Holy Moly! I wrote this post and it was so long. Travis was reading over my shoulder and said, "What is that giant monster novel you're writing?"
So I turned this into a two-part post. First part, change your mindset. Second part, get your kid working.
Now, this seems like a silly post for me to be writing because
1. My house is always quite messy.
2. My kids are often whiney and useless.
3. My kids are also still little, so I don't know how this method of mine will work when they are older.
BUT, a few different people on Instagram have asked me about making my kids into tiny slaves and I wanted to share what I've gone through to make them such.
So, here are some tips for YOU, anal mom. (Is that an offensive thing to call someone?)
- Stop assuming your kids can't do things. Remember when farmers had a dozen kids to help around the farm? If kids couldn't help until they were 17, that would be a terrible investment. Your kids are capable. Kids all over the entire world do awesome stuff (like babysit and stoke fires and wield knives) at four years old. If you aren't quite ready for that, start slightly smaller.
- Stop being particular about cleanliness. Yup. That's real. If your kids help you clean the bathroom, it won't be as sparkling as it would be if just YOU cleaned it. And it will take twice as long and be more work for you. But it's probably worth it.
Because I have a goal to never do dishes again or clean my bathroom after I turn thirty. And that goal is surprisingly close to fruition, because my four year olds already do those things most of the time. By the time they're 8, they will always do it.
- Start making your child wait for things. One of my favorite ways to teach a child to help is by making them wait. They say, "I want a sandwich." You say: "I can get you a sandwich in five minutes. If you can't wait that long, you'll need to make it yourself."
(They almost always make it themselves.)
If your child says, "I want to go to the park," YOU say, "I need to finish three jobs, sweeping the kitchen, unloading the dishwasher, and wiping off the counters. Which job would you like to do? That can help us get going faster."
(They will almost always choose a job to do.)
- Stop entertaining your child. This is a bizarre parenting phenomenon that I have never understood. And luckily, I have twins, so I never had to understand it. They play together. But I do not play with my kids.
Okay, sometimes I play with them. But that's rare. I don't dress up. I don't play with action figures. I don't teach them to build with Legos. When we are home I give them toys or I send them outside and then Mama has crap to do, thanksverymuch. Sometimes I'm reading, sometimes I'm sewing, sometimes I'm baking a cake or cleaning my toilet.
And when my child wanders into the room, feeling bored or wondering what I'm doing- I don't stop what I'm doing. I just start teaching. I read out loud, I hand them a measuring cup, toilet brush, or a pair of scissors. If they want to be entertained or play with me, they do what I do. Not the other way around.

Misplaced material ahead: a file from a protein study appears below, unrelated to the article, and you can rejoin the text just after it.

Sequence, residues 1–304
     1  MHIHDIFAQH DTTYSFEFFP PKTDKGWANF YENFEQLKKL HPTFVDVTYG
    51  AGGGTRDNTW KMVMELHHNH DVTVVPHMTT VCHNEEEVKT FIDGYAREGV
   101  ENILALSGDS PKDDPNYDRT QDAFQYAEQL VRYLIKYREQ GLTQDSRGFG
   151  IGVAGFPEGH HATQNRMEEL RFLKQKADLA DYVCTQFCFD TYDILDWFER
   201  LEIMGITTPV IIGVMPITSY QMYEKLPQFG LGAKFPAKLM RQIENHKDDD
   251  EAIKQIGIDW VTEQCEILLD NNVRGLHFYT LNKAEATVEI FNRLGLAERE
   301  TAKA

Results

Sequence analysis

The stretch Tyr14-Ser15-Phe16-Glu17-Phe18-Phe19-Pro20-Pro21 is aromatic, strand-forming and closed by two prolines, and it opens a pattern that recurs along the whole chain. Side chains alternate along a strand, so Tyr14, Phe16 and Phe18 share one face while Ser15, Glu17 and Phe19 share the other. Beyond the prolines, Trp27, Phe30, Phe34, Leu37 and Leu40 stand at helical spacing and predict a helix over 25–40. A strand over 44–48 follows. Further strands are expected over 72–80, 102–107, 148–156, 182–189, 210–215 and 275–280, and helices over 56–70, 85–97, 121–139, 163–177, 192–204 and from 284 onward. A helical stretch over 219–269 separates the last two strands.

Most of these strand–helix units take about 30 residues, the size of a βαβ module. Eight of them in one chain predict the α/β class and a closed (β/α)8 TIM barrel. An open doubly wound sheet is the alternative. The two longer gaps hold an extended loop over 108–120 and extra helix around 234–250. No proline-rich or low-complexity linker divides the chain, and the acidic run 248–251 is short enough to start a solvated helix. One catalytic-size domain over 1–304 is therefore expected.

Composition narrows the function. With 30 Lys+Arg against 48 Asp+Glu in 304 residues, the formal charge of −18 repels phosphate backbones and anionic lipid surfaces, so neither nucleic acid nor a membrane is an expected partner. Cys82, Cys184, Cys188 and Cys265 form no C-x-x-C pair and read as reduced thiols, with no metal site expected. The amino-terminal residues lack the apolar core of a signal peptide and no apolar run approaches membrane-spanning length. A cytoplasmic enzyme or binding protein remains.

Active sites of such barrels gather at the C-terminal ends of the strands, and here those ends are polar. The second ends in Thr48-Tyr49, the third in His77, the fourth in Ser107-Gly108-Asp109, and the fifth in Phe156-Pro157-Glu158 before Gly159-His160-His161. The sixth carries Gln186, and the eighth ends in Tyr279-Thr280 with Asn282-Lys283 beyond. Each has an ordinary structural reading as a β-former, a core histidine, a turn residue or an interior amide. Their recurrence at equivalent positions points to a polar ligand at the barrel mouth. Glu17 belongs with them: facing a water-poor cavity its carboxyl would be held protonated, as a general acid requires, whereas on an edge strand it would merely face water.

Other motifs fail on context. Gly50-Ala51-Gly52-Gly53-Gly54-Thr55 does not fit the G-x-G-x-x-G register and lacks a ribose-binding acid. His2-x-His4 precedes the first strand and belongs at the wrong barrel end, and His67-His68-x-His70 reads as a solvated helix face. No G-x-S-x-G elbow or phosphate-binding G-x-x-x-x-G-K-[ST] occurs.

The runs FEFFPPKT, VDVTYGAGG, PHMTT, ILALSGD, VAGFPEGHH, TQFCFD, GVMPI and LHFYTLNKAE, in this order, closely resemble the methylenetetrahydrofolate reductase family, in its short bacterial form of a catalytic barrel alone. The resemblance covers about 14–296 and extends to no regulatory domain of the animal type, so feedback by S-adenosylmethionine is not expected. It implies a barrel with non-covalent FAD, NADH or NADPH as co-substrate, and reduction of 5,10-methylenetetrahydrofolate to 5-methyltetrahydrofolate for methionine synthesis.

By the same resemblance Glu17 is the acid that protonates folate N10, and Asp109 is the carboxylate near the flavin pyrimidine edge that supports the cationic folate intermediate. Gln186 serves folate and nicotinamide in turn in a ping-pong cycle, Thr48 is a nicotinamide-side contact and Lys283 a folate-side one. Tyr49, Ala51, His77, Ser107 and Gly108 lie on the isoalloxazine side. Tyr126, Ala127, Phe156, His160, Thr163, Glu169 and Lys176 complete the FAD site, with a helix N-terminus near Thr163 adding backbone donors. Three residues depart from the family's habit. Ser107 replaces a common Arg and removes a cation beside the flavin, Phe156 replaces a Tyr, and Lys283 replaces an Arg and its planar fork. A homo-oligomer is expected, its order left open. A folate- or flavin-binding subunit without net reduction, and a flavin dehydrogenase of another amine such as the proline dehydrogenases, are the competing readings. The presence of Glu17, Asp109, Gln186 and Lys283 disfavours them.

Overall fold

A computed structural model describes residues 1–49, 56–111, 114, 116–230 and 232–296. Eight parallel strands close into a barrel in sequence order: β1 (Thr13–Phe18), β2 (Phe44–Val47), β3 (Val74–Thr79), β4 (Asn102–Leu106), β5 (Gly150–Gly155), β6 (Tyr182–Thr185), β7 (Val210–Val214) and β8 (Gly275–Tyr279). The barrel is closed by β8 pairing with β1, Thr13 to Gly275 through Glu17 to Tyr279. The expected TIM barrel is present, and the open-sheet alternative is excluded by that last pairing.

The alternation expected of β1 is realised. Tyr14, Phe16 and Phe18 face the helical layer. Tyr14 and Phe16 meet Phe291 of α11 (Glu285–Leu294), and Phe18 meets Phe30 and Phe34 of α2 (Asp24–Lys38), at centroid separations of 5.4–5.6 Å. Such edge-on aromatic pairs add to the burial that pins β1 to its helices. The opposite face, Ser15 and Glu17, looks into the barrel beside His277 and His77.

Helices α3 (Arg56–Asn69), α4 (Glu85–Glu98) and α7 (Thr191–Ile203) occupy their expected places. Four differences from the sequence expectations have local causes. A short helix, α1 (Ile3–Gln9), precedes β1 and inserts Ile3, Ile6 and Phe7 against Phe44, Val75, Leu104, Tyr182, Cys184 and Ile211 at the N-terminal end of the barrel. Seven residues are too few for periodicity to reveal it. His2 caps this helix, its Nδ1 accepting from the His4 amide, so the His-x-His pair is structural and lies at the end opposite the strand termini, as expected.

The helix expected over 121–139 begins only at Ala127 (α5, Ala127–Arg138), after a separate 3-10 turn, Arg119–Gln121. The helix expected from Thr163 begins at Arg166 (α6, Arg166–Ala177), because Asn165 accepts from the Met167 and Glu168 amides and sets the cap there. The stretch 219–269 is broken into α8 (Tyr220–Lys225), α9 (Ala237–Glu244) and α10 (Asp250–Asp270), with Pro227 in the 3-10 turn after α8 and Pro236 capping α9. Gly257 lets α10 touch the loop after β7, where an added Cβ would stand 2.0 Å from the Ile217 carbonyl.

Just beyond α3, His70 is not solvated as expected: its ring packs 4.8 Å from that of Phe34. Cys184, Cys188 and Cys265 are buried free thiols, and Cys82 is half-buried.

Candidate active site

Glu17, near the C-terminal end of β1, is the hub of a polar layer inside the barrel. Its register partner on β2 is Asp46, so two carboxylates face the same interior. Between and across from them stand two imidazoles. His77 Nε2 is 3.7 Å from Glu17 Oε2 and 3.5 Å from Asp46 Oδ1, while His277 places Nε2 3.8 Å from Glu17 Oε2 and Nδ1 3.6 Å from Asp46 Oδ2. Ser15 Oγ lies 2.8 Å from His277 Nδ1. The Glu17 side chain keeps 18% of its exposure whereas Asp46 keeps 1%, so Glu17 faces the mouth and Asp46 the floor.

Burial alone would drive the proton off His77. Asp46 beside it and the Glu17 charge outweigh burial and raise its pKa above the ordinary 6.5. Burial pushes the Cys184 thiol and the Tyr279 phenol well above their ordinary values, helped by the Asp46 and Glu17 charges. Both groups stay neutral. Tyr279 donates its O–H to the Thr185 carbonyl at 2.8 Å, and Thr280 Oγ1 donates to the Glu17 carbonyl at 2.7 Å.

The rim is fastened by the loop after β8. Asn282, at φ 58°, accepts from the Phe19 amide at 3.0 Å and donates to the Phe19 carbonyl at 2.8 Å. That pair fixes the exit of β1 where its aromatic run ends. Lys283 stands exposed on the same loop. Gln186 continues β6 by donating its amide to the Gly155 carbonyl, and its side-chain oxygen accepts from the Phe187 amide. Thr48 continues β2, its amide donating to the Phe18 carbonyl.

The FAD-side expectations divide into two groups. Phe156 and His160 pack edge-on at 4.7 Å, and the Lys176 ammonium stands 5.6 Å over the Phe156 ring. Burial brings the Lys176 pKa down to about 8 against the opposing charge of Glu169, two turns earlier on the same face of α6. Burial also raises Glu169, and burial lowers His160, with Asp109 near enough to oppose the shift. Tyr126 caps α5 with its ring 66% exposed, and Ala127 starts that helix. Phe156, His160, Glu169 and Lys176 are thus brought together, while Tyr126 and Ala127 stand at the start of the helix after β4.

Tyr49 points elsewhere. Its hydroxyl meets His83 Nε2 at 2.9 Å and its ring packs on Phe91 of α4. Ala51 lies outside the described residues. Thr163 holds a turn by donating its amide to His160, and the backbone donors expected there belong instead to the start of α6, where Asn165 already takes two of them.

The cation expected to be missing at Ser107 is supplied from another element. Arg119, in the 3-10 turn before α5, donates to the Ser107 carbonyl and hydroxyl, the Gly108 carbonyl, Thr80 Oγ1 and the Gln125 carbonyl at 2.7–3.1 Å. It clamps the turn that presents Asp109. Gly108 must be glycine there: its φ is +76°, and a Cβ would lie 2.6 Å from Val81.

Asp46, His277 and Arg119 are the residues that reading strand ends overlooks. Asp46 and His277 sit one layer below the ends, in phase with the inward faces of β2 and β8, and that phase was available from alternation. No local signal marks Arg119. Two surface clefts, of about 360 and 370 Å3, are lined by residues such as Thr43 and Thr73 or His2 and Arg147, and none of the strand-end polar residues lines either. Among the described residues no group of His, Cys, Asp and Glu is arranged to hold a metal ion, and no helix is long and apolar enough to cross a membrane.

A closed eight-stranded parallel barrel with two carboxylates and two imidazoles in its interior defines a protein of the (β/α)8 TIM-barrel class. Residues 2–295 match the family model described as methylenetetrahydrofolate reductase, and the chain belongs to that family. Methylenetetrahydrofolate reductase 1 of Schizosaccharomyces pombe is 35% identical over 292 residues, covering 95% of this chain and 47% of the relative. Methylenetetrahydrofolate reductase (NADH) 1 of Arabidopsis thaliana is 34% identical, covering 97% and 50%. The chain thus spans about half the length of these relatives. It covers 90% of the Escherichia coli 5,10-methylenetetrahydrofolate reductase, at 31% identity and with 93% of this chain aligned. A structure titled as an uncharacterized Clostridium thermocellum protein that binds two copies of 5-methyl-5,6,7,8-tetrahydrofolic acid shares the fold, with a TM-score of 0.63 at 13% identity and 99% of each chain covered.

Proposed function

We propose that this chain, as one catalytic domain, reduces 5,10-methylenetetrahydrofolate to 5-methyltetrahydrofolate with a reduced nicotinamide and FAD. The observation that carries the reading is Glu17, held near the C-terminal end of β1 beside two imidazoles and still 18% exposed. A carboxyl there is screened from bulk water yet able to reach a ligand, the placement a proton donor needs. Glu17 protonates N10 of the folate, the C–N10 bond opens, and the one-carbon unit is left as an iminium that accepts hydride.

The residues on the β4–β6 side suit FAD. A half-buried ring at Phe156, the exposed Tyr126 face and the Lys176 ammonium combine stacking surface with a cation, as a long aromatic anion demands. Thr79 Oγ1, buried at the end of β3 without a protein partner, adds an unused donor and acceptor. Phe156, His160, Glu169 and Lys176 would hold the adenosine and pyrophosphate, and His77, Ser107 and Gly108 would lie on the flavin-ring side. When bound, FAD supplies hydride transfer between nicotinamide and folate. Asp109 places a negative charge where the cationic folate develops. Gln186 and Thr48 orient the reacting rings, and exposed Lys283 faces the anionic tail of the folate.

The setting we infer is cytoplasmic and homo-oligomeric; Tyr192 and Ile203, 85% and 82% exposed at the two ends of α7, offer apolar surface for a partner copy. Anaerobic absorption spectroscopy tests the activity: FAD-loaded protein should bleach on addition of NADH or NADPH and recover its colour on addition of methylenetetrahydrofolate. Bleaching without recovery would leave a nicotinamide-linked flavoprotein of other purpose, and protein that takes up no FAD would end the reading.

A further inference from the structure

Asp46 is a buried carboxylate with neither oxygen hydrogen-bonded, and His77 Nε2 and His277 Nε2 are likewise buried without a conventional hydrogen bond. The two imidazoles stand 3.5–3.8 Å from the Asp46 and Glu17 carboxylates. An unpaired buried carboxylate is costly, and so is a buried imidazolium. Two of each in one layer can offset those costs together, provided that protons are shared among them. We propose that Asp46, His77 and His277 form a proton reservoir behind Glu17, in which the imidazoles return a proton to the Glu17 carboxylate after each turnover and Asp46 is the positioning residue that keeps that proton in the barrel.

- Never say no to a child that wants to help. Never ever. Ever. Ever.
If your two year old wants to put the soap in the washing machine, and twist the dial and push the button- you let them. Because when they are three, they will strip off their own sheets and put them into the washing machine and correctly start it. And you will do a joyful jig. (The first time Grey did this, I might have cried.) If your three year old wants to help chop veggies, you stand behind them and help them wield a knife. If your four year old wants to clean the toilet, you hand them a toilet brush and a bottle of non-toxic cleaner.
This is surprisingly hard, because your imagination can do a lot of crazy things and your brain reminds you that if YOU clean the bathroom, there will not be toilet water accidentally flung against the walls. If you chop the vegetables- no fingers will end up in your dinner. And if you start the laundry, it will take half the time.
So here is my mantra, "What's the worst that can happen? What's the best that can happen? and how likely is each?"
If your son wants to clean the bathroom, the worst that can happen is that he gets poop on his hands and sticks it in his mouth, right? The best that can happen is: YOU DON'T HAVE TO CLEAN YOUR BATHROOM. AND HE LOVES IT. AND HE WANTS TO DO IT EVERYDAY.
It's more likely that something in the middle happens. And if you WATCH him, he probably won't stick his hand in his mouth with poop on it.
I'm not suggesting that you hand him his toilet brush and then leave the bathroom. We can all agree, that isn't gonna work.
So your worst case scenario isn't even real, but the best case scenario could still happen.
- Lastly, clean it again when they leave. If you can't handle the fact that your "clean" dishes still have food on them- praise and thank your kids, and then wait until they're out of sight- and rewash them. Don't let your child see you. Just do it secretly. (Note: DON'T do this if they are older kids. Make them do it properly. Younger kids shouldn't be harassed to perform perfectly however, they just need to be encouraged to continue helping.)
That's it, Moms. Change your mindset to one that expects your kids to clean. And they probably might.
(I'm obviously not willing to make you any guarantees.)